The European Commission has formulated a number of questions for its interactive conference scheduled for 28 April. Below are answers to these questions by Izsák Balázs, representative of the citizens' committee of the citizens' initiative for national regions.
On 8 March, the European Parliament will pronounce in plenary session on suspending the right of immunity of three Catalan politicians, Carles Puigdemont, Toni Comin and Clara Ponsati, the representatives of JUNTS Per Europa. This decision takes place after the European Parliament's Committee on Legal Affairs has succumbed to pressure from Spain and accepted the request for the suspension of immunity.
Today, on the 25th of October, on the Day of Szekler Autonomy we Szeklers – together with other communities standing in solidarity with us – convene in order to repeatedly assert our demand for the territorial autonomy of Szeklerland.
The magnitude of this demand, which is based on international law, is larger this year than it was a year ago. The European citizens’ initiative of the Szekler National Council has received over one and a quarter of a million supporting signatures across Europe. The population of our kin-state, Hungary, is fully united behind the initiative, together with other Hungarian minority communities. The signature collection process, which is still open, attracts more- and more supporters from Spain, mainly Catalans, and Basques, and the numbers of supporting signatures are also going up in Sweden, thanks to the Sami communities, and the local Hungarian diaspora.
After Veneto and Silesia, we are putting Szeklerland in the spotlight this month. Attila Dabis is also on the speakers' list of the ICEC conference in the European Parliament postponed to 2021.
Most of our readers may scratch their hair when hearing about Szeklerland. Time for an insightful interview.
Open letter to Dr. Jürgen Linden, Speaker of the Board of Directors of the International Charlemagne Prize of Aachen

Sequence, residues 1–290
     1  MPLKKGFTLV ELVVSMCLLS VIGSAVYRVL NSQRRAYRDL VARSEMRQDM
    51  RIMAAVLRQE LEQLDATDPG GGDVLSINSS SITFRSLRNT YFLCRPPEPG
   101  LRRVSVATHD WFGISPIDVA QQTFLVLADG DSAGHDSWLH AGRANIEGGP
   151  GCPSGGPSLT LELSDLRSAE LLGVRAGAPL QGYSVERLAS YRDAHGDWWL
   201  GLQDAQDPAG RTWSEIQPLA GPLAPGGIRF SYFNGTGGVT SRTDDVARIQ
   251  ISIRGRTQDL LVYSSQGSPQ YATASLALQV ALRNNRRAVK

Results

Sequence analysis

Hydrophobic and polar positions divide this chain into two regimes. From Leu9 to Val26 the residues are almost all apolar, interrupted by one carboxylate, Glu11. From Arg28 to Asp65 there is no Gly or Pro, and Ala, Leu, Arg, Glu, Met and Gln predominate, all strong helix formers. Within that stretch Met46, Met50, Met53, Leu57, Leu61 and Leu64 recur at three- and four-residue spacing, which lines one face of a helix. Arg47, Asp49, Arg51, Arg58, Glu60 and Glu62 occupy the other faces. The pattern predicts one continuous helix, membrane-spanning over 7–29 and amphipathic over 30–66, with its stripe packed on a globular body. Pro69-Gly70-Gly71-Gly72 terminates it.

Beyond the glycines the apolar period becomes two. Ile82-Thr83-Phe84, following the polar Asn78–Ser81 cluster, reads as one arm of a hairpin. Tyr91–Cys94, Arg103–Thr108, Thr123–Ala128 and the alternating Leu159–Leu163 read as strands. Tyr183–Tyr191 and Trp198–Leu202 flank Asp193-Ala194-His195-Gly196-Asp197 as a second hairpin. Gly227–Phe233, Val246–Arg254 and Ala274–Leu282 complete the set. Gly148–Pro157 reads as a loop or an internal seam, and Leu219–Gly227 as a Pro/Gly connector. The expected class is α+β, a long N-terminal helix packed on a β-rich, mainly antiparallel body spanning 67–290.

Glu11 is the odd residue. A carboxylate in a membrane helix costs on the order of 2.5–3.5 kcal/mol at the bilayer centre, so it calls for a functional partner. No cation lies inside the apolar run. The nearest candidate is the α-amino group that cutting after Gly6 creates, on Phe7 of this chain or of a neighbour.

Dear Mr. President!
On 14 May, we asked you to examine the video message of Romania’s President Klaus Iohannis, in which he incited against Hungarians, and to withdraw the decision to award him the Charlemagne Prize, as the Romanian President has proven unworthy of this award.
On 7 April 2020, we addressed a written request to the European Commission to extend the deadline on the collection of signatures for the citizens' initiative for the protection of national regions. In this request, we asked for a six month extension of the deadline, so that this six-month period begins when the restrictive measures taken due to the pandemic in most Member States are lifted.
European Union – The Hungarian Justice Minister Judit Varga announced yesterday, May 20, that the European petition launched on the initiative of the Szeklers in favour of European national regions – one of whose spokespersons, Attila Dabis, we recently interviewed – obtained an additional six months delay for collecting missing signatures in at least four countries.
Petition on the Day of the Szekler Liberty
To The Government and Parliament of Romania
For his information: to Mr. President Klaus Johannis
Attila Dabis Ph.D., Foreign Affairs Commissioner of the Szekler National Council has been barred from entering Romania for three years, due to unspecified national security reasons. This measure is a violation of the right of citizens of the European Union to freedom of movement, it is completely unfounded, illegal, unconstitutional and in violation of fundamental human rights.
On 09 March 2018, I attempted to cross the Hungarian-Romanian border at the Ártánd-Bors border check point at 12:44 CET, together with a Swiss-Hungarian friend. After checking our ID cards, the Romanian border guard asked us to pull over to a nearby administration facility, where he informed me that I was barred from entering Romania.
Esteemed Madam Minister
Over the course of the past few years, I couldn’t help but notice that every time I cross Romania’s border, I am given special attention by the Romanian Border Police. On more than one occasion, I was forced to park my car, and wait nearly an hour by orders of the Border Police; sometimes the justification was computer failure, sometimes some other, equally untrue excuse. It didn’t take me long to discover, by studying the laws on border crossing in Romania, that I’m what is referred to as a „registered person” (persoana cu consemn). Such people are treated based on special legal dispositions, should they cross the border.
The peace process ending the First World War has cut off Szeklerland from Hungary, placing it under the jurisdiction of a foreign country, Romania. At the same time, however, the Szekler peoples, together with Transylvanian Saxons, gained recognition as subjects of international law.
We are preparing for the Day of Szekler Freedom, in a year in which we commemorate the centenary of the Szekler National Council. Just as Paál Árpád’s plan for a Szekler Republic becomes a century old, so will the Szekler self-determination movement.